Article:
God Save The Queen
Punk's greatest hit - social commentary or nihilistic rant?
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27th May 1977
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Nouvelle Vague, Motorhead
To many this song represents the horrendous nihilism which supposedly drove the punk movement: noisy and tuneless. To others it remains the paragon of rock 'n' roll excellence at a time when the music world had become both complacent and obsessed with material gain. Whatever your stance, there's no denying that God Save The Queen polarised the British public like no other song since Rock Around The Clock in 1955.
There's no future, no future, no future for you!God Save The Queen
Sex Pistol's drummer Paul Cook's claims that this song had nothing at all to do with the Queen's Silver Jubilee taking place in 1977 seem ingenuous to the point of perversity. How could a band who (often at the behest of their manager, Malcolm McLaren) courted controversy at every turn, honestly profess ignorance of something that was inescapable in that year in the UK? But even if the band were being deliberately provocative this was no simple three-chord thrash. Behind the two fingered salute to the establishment was a social critique of a country which had fallen on hard times and was in danger of ignoring its younger generation.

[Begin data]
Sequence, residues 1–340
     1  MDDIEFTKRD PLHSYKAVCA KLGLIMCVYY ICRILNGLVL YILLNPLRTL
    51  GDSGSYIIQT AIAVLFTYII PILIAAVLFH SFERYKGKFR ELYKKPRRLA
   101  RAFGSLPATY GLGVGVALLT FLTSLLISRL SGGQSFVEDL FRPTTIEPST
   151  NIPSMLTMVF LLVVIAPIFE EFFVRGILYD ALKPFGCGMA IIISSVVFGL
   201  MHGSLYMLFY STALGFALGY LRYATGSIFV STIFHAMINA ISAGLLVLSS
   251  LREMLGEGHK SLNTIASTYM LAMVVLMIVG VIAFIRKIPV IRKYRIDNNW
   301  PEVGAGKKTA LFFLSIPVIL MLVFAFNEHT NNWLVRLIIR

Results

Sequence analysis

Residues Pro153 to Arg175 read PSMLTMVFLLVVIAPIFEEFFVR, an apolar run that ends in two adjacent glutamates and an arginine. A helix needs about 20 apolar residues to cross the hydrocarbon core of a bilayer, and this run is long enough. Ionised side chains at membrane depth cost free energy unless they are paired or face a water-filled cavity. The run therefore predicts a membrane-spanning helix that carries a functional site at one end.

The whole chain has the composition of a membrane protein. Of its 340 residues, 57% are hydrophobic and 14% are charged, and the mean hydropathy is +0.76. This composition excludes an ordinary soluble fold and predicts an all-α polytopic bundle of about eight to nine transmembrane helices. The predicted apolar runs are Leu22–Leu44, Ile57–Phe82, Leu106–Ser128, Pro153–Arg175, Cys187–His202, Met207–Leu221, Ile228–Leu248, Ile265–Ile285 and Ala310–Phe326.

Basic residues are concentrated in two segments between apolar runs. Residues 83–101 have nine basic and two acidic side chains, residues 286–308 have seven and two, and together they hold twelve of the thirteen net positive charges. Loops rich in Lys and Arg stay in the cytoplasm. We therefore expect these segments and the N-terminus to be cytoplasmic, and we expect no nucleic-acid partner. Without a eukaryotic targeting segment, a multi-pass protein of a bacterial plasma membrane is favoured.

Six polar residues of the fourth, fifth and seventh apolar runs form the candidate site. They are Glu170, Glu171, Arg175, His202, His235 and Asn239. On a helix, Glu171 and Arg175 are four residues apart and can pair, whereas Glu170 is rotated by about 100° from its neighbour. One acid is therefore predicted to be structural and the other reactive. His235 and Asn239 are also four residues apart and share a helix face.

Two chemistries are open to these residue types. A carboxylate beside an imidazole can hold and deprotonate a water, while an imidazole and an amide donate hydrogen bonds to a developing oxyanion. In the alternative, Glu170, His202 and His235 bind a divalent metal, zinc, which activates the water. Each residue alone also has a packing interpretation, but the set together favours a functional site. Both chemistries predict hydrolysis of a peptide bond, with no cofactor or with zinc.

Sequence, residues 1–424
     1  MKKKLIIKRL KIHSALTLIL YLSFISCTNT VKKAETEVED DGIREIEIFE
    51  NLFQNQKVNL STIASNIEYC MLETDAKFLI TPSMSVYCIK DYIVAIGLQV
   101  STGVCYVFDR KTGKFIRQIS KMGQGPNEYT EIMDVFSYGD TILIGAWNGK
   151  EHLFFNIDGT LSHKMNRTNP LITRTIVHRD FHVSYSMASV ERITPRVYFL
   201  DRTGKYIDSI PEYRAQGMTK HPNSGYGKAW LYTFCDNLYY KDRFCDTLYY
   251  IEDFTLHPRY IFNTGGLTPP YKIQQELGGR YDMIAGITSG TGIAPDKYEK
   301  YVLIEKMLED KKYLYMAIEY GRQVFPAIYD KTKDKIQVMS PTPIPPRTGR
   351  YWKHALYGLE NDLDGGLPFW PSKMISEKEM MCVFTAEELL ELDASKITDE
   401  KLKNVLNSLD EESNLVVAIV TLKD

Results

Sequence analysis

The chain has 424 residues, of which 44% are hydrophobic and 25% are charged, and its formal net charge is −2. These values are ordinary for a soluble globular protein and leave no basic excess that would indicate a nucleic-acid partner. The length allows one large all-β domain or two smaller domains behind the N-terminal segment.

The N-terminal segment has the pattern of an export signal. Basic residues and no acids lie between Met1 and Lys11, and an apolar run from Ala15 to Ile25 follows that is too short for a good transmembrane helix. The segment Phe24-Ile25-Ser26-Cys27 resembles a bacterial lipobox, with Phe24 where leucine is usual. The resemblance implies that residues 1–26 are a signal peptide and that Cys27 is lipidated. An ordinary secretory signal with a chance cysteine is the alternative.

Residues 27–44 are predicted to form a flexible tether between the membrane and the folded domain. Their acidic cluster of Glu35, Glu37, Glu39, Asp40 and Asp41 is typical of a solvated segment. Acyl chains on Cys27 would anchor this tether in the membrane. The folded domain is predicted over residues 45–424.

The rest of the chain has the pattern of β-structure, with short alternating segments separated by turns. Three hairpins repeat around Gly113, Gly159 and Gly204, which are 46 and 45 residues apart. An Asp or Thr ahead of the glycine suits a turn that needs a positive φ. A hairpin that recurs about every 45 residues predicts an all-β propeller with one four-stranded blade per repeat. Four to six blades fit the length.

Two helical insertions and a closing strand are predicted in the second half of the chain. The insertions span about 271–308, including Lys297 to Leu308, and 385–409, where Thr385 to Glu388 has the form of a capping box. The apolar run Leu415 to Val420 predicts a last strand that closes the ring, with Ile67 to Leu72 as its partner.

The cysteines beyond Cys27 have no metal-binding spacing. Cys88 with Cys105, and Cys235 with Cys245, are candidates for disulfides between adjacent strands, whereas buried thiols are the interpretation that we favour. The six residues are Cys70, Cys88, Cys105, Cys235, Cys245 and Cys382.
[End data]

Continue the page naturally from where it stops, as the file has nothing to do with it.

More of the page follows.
As singer John 'Johnny Rotten' Lydon said: "You don't write 'God Save The Queen' because you hate the English race. You write a song like that because you love them, and you're fed up with them being mistreated."
It's long been believed by many that the record represented such a threat to the establishment that the BBC refused to allow it to reach number one. The fact is that whether you believe the conspiracy theorists or not, God Save The Queen reached the number two slot on the week that marked 25 years since the coronation, just behind Rod Stewart. Produced by ex-Beatles engineer and Roxy Music producer, Chris Thomas, its ringing guitar intro by Steve Jones was a clarion call for dispossessed youth who rallied to the sentiment that there was "no future in England's dreaming."
Like many songs featured in The People's Songs, God Save The Queen is overwhelmingly associated with the act that first wrote and recorded it: Sex Pistols. But like the band, its energy and sense of dissatisfaction sum up perfectly what it felt like to be young and alienated in 1977. It also renewed the sense of 'anyone can do this' to that generation in much the same way that Skiffle had done more than a decade before.